Hoping to land a permanent position, he approached the leaders of five universities in Medellín, but met dead ends. Dejected, he flew north, first for a five-month Fulbright scholarship at the Mayo Clinic, then for an R&D post at an ultrasound manufacturer based in Kirkland, Washington.
Returning to the United States was not a move he took lightly. “It was a really hard decision for me to say, ‘OK, I’m leaving Colombia again’,” Bernal says. Still, he hasn’t completely severed his academic ties to Colombia. He maintains an adjunct position at the University of Antioquia in Medellín, and works in the evenings and at weekends with collaborators back home to advance his research. “I might not be able to live in Colombia right now,” says Bernal, “but I want to keep my connections.”
Maintaining connections internationally has been key to the success of Ugandan-born bioprocessing engineer Noble Banadda, although he does so from his home base at Makerere University in Kampala. After a PhD at the Catholic University of Leuven in Belgium, followed by a postdoc at the Massachusetts Institute of Technology (MIT) in Cambridge, Banadda received job offers from large chemical companies in Germany and New Jersey. Then came more recruitment efforts from universities across the United States.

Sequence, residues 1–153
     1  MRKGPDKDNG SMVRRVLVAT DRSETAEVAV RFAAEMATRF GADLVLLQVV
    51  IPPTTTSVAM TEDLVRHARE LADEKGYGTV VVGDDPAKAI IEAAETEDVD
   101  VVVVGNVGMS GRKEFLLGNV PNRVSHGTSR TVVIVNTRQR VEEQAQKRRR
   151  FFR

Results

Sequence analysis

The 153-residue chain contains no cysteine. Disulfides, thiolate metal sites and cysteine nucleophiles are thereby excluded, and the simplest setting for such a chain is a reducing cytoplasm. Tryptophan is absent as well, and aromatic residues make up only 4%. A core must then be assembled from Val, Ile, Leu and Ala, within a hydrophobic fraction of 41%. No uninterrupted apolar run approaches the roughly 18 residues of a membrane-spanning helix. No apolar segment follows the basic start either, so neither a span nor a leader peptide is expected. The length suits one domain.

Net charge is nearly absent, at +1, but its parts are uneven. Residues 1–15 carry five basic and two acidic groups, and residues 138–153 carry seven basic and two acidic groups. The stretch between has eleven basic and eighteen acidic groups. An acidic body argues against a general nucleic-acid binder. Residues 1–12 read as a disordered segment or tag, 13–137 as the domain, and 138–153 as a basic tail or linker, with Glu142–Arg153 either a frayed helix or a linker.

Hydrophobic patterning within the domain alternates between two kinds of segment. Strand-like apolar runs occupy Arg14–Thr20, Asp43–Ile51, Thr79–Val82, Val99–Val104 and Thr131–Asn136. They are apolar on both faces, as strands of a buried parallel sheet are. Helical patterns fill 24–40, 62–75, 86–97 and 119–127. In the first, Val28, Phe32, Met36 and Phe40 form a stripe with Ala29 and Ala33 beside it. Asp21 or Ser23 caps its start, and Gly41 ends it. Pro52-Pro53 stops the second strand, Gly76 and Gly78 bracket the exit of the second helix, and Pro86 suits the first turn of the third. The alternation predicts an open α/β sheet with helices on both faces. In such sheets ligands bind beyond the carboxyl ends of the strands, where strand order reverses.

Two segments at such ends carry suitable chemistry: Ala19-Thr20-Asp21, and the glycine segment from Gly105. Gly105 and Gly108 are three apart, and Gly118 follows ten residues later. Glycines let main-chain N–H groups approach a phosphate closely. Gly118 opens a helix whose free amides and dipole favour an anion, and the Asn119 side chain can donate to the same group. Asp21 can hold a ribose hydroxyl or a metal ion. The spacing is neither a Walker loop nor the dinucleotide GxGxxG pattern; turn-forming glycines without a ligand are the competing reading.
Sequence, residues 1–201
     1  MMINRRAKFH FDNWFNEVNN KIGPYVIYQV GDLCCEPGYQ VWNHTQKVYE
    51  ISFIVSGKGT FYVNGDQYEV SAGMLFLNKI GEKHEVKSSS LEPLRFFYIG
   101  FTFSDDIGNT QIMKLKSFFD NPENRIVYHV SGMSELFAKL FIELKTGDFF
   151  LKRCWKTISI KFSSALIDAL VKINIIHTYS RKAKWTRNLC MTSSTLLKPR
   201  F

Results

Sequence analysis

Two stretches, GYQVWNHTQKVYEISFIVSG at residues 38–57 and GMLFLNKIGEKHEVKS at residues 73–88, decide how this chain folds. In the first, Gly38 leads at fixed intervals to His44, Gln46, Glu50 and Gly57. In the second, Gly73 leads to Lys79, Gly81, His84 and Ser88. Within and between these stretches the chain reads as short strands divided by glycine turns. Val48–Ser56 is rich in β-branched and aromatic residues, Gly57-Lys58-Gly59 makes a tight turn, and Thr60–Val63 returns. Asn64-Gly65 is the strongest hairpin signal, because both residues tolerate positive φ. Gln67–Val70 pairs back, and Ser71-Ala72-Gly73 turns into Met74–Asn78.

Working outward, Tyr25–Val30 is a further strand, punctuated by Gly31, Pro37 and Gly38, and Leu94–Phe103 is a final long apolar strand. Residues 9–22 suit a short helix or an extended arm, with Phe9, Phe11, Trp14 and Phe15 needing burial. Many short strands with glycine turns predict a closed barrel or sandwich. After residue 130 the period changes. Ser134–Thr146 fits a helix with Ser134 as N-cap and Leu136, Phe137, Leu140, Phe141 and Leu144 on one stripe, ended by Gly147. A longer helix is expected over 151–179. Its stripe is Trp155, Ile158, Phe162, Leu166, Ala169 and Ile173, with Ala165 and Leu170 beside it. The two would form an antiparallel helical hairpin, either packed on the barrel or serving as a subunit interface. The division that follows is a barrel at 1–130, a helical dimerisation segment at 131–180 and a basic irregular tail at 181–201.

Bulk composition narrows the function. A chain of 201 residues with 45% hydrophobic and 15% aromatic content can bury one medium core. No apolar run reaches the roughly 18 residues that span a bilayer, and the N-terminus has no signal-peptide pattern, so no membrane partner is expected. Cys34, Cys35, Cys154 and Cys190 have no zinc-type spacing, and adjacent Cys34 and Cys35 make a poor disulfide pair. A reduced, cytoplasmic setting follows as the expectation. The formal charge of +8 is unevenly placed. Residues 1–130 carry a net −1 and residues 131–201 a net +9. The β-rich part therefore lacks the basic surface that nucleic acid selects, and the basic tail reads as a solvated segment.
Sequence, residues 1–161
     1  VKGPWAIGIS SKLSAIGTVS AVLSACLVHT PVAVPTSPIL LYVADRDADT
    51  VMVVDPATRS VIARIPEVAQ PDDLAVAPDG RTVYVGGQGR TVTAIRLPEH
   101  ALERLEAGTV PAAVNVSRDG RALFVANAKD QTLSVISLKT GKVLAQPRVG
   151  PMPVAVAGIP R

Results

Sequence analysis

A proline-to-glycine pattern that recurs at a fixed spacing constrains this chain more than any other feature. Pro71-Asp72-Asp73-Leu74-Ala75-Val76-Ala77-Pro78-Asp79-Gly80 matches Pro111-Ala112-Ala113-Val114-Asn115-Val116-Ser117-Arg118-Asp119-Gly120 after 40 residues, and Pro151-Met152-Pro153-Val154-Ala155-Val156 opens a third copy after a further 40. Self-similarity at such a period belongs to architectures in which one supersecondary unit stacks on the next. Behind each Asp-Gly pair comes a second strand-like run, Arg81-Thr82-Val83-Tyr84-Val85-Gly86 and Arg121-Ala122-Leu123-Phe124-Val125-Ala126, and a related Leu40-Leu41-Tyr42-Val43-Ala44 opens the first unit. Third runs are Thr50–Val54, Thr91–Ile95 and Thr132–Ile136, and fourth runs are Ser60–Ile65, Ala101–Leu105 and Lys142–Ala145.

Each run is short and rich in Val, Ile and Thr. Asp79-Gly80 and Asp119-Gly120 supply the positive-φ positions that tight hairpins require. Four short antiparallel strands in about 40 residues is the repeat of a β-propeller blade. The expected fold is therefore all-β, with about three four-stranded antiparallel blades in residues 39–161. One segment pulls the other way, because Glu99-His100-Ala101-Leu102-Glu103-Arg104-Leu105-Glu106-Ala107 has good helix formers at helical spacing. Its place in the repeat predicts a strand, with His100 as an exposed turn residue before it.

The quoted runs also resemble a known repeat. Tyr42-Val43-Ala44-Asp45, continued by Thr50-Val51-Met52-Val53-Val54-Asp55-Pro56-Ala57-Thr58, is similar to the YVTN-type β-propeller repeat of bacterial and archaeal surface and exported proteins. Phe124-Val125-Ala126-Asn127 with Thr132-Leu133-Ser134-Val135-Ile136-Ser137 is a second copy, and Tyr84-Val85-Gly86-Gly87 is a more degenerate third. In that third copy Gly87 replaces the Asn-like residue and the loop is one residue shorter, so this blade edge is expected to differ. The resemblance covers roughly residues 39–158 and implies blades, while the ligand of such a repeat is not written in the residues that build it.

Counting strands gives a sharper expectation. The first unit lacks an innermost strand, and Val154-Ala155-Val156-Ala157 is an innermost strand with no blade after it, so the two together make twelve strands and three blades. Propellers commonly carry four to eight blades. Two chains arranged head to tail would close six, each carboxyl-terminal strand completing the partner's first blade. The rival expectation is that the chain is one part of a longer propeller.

But Banadda chose to stick with his academic post in East Africa — becoming, at 37, the youngest fellow to be inducted into the Uganda National Academy of Sciences. “I’ve established myself here,” he says.
Each summer, however, Banadda returns to the United States as a visiting professor at MIT or at one of the many institutions that had tried to recruit him and at which he’d accepted an adjunct position instead. And in December 2018, he spent a few weeks in the United Kingdom, developing biopackaging materials from banana leaves at the University of Cambridge.
These stints as an academic-in-residence abroad have allowed Banadda to “stay relevant in the international research world”, he says, while at the same time working on low-tech inventions such as a multipurpose tractor that can till land for planting, pump water for irrigation and harvest maize at an affordable cost for small-scale farmers in East Africa.
“I can’t even publish that,” he says, “but it’s a solution that changes people’s lives.”
Nature 566, 143-145 (2019)